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House Lawmakers Stop GOP Plan to Strip Rangel of Gavel

As expected, House lawmakers Tuesday curbed a Republican-led effort to strip Ways and Means Chairman Charlie Rangel (D-N.Y.) of his gavel pending the outcome of an investigation into his personal finances.

Republican Rep. John Carter (Texas), who has criticized Rangel for his admitted failure to pay taxes on a Dominican Republic vacation property, invoked a privileged motion last week to force the issue to the House floor.

But the House voted largely along party lines to table the measure Tuesday, circumventing a direct vote on Rangel’s chairmanship.

Earlier in the day, Carter acknowledged his efforts were unlikely to succeed, but he suggested the motion is necessary to “build a fire” under the ethics committee, which has been investigating Rangel for several months.

“The whole point is to put sunlight on the issue,” Carter said. “It worries me that the public … perceives us in such a negative light.”

He continued: “It’s time for us to step up and say, if it isn’t right, it isn’t right.”

Carter added that he does not have a vendetta against the senior Democrat: “I have no ill will against Mr. Rangel whatsoever.”

The House ethics panel established an investigative subcommittee in the 110th Congress to examine multiple accusations involving Rangel that had been revealed in media reports, including his fundraising efforts on behalf of a City College of New York center named in his honor. It later expanded that inquiry to include an alleged quid pro quo of legislation in exchange for donations to the college.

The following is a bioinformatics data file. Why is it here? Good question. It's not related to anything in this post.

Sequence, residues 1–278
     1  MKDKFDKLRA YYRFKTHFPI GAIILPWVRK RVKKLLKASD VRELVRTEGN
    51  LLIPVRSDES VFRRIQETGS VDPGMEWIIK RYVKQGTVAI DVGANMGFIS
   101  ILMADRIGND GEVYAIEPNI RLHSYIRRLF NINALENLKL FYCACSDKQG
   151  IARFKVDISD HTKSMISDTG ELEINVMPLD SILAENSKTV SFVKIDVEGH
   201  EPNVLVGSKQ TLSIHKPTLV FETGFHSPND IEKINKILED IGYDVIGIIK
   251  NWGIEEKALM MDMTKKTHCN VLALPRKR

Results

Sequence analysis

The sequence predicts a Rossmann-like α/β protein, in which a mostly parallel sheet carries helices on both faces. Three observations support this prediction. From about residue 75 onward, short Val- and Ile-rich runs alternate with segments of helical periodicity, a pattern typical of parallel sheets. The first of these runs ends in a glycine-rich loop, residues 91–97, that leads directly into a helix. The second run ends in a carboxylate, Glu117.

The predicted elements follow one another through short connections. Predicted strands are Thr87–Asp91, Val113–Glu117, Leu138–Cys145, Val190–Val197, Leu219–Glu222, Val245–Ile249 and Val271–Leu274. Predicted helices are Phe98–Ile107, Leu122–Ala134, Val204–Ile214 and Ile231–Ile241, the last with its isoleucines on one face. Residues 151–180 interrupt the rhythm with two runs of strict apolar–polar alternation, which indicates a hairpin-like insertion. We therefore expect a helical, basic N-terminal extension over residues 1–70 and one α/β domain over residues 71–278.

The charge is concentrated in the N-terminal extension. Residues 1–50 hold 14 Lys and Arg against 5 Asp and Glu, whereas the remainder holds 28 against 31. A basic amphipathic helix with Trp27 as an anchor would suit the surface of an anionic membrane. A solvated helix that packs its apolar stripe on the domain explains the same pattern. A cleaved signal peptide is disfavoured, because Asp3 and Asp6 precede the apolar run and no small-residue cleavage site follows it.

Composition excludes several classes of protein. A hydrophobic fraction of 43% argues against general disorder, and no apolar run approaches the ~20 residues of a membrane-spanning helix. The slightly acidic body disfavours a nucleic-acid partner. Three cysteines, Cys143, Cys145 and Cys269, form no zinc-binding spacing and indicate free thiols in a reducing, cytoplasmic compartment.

In addition, the inquiry included Rangel’s ownership of a villa in the Dominican Republic and his failure to report rental income on that property, which led to unpaid taxes; Rangel’s use of House parking facilities for long-term vehicle storage; and Rangel’s use of three rent-controlled apartments as his primary residence.

Rangel has denied any wrongdoing related to his fundraising efforts, but he has acknowledged the unpaid taxes.

The investigative subcommittee’s authority expired at the end of the last Congress, but the Committee on Standards of Official Conduct is expected to renew the inquiry when it organizes for the 111th Congress this week.

“I expect them to proceed vigorously and thoroughly on certainly the Rangel case, which he asked them to do,” Majority Leader Steny Hoyer (D-Md.) said Tuesday. “And frankly, my expectation is, and I have said this for the last six years, that I expect the ethics committee to take under consideration any allegation that certainly is public and, for that matter, any allegation that is privately made that bears substance.”

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